Sangharakshita stressed the importance of a rounded spiritual development that included cultivating the range of what Buddhism calls “spiritual faculties”. Meditation practice had an important role, but it needed to go along with study, friendship, altruistic activity, ethical observance and devotional ritual. Sangharakshita explored the underlying meaning of all these aspects of practice, and sought ways to re-express them meaningfully. He emphasised, for example, the importance of following a “path of regular steps” in meditation, starting with developing integration and positive emotion and moving on to practices concerned with spiritual death (or Insight), and spiritual rebirth.

The FWBO’s growth
Inspired and challenged in equal measure, Sangharakshita’s students set about trying to live according to the teachings to which he had introduced them. Many of those who were free to do so lived in communities: mixed households at first, and later single sex; for some this was a creative alternative to family life. Some people established what came to be known as “Right Livelihood businesses”: shops, vegetarian restaurants and other ventures run by teams of Buddhists on an economic model of “giving what you can and taking what you need”. The most successful of these was Windhorse:Evolution, an ethical gift business that eventually employed 200 people.

The effort to develop fresh ways of living and working grew from Sangharakshita’s sense that new approaches and lifestyles were needed if Buddhist practice were to be effective in modern society. He was willing to think radically, provided the new forms still expressed an underlying commitment to the Three Jewels and were undertaken in the spirit of friendship (kalyana mitrata).

Throughout the 1970s and 1980s, Order members also established FWBO centres across the UK and around the world. Important early milestones included the purchase of Padmaloka, a substantial retreat centre in Norfolk, which became Sangharakshita’s home for many years; establishing Buddhist and social work activities in India among Dr Ambedkar’s followers (1977); the opening of the London Buddhist Centre, a large centre in east London (1978); developing a three- or four-month long ordination retreat for men (1981 - a similar women’s ordination retreat came some years later); and founding Taraloka a retreat centre for women (1985), a part of a network of retreat centres some mixed, some single sex. Arts events and Buddhist festivals were important aspects of the movement’s life, along with Buddhafield, which teaches meditation at summer festivals and runs its own outdoor retreats and gatherings.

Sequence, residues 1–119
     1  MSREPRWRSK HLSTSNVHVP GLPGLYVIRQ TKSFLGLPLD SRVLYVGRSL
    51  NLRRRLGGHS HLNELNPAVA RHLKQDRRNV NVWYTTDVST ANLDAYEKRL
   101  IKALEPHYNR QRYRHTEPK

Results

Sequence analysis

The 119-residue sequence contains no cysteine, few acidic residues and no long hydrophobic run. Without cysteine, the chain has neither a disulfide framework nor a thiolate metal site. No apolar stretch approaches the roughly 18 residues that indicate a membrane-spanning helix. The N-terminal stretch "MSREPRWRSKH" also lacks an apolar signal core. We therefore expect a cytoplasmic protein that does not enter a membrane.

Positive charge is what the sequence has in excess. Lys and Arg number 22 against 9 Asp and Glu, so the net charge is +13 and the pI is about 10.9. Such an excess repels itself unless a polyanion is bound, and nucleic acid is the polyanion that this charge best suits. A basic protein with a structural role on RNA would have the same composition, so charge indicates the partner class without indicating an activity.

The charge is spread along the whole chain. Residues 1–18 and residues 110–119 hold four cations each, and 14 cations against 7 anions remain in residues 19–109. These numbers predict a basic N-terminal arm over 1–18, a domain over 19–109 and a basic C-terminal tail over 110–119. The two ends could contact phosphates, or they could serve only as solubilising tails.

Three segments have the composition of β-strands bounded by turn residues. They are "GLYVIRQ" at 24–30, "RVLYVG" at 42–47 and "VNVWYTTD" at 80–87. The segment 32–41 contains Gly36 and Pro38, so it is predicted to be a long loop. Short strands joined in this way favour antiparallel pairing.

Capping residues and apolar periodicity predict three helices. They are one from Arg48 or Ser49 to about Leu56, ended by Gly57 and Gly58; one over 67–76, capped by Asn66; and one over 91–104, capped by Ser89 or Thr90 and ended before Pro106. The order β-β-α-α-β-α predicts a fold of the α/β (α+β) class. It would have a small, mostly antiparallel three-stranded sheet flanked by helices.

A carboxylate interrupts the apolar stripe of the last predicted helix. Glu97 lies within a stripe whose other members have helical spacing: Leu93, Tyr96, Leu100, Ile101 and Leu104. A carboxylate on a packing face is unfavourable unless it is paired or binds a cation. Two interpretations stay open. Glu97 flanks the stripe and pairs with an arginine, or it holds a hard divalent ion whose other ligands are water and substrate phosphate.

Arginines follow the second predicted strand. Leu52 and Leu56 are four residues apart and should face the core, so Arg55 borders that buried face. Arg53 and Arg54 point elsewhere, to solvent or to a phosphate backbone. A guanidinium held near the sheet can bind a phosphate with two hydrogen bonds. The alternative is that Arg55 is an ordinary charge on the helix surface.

Although the rapid growth of the FWBO’s early years slowed somewhat in later decades, at least in Europe, it has become established as a substantial, worldwide movement at the forefront of Buddhism’s development in western countries, South America and India. In 2017 it had activities in 26 countries and the Order had around 2200 members, about thirty percent of them in India. In 2010 the movement’s name was changed to reflect its internationality, becoming the Triratna Buddhist Community and the Triratna Buddhist Order. (Triratna means ‘Three Jewels’). Gradually, starting in the late 1980s, Sangharakshita handed on responsibility for all aspects of the movement to senior members of the Order. A group of Public Preceptors undertook responsibility for ordinations, and in 1994 Sangharakshita moved with them to Madhyamaloka, a large house in Birmingham. In 2013 they moved to a substantial retreat centre in Herefordshire, called Adhisthana. This was Sangharakshita’s final home.